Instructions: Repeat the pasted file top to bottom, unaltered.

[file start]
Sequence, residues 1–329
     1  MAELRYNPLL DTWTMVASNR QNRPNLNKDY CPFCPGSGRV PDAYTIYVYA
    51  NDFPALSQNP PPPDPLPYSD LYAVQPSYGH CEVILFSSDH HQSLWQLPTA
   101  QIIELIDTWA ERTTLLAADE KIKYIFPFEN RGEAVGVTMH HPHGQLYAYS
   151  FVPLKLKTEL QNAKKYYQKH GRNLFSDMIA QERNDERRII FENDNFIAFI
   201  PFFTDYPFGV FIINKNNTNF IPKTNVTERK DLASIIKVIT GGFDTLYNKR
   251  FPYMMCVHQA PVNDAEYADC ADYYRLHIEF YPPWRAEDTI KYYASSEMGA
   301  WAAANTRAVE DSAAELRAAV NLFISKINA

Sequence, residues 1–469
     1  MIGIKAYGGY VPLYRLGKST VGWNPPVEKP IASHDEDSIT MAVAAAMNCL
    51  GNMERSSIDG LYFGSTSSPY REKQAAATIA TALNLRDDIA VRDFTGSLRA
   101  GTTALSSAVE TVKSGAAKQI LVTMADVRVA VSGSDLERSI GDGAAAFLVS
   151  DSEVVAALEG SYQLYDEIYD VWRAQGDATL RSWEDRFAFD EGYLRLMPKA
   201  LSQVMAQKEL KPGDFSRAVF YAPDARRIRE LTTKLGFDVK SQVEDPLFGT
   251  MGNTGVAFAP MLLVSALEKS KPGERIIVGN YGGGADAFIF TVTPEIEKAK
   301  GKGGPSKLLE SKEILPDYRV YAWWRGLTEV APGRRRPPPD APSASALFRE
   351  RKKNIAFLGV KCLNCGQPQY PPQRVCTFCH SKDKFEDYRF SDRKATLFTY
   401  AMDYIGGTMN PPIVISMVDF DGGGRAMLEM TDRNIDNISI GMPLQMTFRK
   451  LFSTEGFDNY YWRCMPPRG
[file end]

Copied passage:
Sequence, residues 1–329
     1  MAELRYNPLL DTWTMVASNR QNRPNLNKDY CPFCPGSGRV PDAYTIYVYA
    51  NDFPALSQNP PPPDPLPYSD LYAVQPSYGH CEVILFSSDH HQSLWQLPTA
   101  QIIELIDTWA ERTTLLAADE KIKYIFPFEN RGEAVGVTMH HPHGQLYAYS
   151  FVPLKLKTEL QNAKKYYQKH GRNLFSDMIA QERNDERRII FENDNFIAFI
   201  PFFTDYPFGV FIINKNNTNF IPKTNVTERK DLASIIKVIT GGFDTLYNKR
   251  FPYMMCVHQA PVNDAEYADC ADYYRLHIEF YPPWRAEDTI KYYASSEMGA
   301  WAAANTRAVE DSAAELRAAV NLFISKINA

Sequence, residues 1–469
     1  MIGIKAYGGY VPLYRLGKST VGWNPPVEKP IASHDEDSIT MAVAAAMNCL
    51  GNMERSSIDG LYFGSTSSPY REKQAAATIA TALNLRDDIA VRDFTGSLRA
   101  GTTALSSAVE TVKSGAAKQI LVTMADVRVA VSGSDLERSI GDGAAAFLVS
   151  DSEVVAALEG SYQLYDEIYD VWRAQGDATL RSWEDRFAFD EGYLRLMPKA
   201  LSQVMAQKEL KPGDFSRAVF YAPDARRIRE LTTKLGFDVK SQVEDPLFGT
   251  MGNTGVAFAP MLLVSALEKS KPGERIIVGN YGGGADAFIF TVTPEIEKAK
   301  GKGGPSKLLE SKEILPDYRV YAWWRGLTEV APGRRRPPPD APSASALFRE
   351  RKKNIAFLGV KCLNCGQPQY PPQRVCTFCH SKDKFEDYRF SDRKATLFTY
   401  AMDYIGGTMN PPIVISMVDF DGGGRAMLEM TDRNIDNISI GMPLQMTFRK
   451  LFSTEGFDNY YWRCMPPRG